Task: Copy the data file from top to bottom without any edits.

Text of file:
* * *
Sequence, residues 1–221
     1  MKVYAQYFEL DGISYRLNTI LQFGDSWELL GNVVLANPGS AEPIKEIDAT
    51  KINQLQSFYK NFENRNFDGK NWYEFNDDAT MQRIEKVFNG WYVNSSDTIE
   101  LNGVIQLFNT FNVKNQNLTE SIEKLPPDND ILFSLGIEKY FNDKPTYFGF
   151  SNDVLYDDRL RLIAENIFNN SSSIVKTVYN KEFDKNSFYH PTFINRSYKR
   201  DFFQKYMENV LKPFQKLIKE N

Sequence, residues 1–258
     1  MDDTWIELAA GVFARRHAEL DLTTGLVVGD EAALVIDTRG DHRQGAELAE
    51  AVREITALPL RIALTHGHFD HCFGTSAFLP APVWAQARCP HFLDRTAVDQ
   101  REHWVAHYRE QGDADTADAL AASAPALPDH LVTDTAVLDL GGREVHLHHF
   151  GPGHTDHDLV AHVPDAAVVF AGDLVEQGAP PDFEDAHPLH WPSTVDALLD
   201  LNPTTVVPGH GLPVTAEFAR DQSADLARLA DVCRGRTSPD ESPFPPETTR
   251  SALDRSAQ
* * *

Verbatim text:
Sequence, residues 1–221
     1  MKVYAQYFEL DGISYRLNTI LQFGDSWELL GNVVLANPGS AEPIKEIDAT
    51  KINQLQSFYK NFENRNFDGK NWYEFNDDAT MQRIEKVFNG WYVNSSDTIE
   101  LNGVIQLFNT FNVKNQNLTE SIEKLPPDND ILFSLGIEKY FNDKPTYFGF
   151  SNDVLYDDRL RLIAENIFNN SSSIVKTVYN KEFDKNSFYH PTFINRSYKR
   201  DFFQKYMENV LKPFQKLIKE N

Sequence, residues 1–258
     1  MDDTWIELAA GVFARRHAEL DLTTGLVVGD EAALVIDTRG DHRQGAELAE
    51  AVREITALPL RIALTHGHFD HCFGTSAFLP APVWAQARCP HFLDRTAVDQ
   101  REHWVAHYRE QGDADTADAL AASAPALPDH LVTDTAVLDL GGREVHLHHF
   151  GPGHTDHDLV AHVPDAAVVF AGDLVEQGAP PDFEDAHPLH WPSTVDALLD
   201  LNPTTVVPGH GLPVTAEFAR DQSADLARLA DVCRGRTSPD ESPFPPETTR
   251  SALDRSAQ